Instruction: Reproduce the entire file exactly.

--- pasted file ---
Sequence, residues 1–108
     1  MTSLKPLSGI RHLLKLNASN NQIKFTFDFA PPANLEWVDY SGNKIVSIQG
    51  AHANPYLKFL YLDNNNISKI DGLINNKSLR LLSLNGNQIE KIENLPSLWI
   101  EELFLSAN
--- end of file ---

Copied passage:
Sequence, residues 1–108
     1  MTSLKPLSGI RHLLKLNASN NQIKFTFDFA PPANLEWVDY SGNKIVSIQG
    51  AHANPYLKFL YLDNNNISKI DGLINNKSLR LLSLNGNQIE KIENLPSLWI
   101  EELFLSAN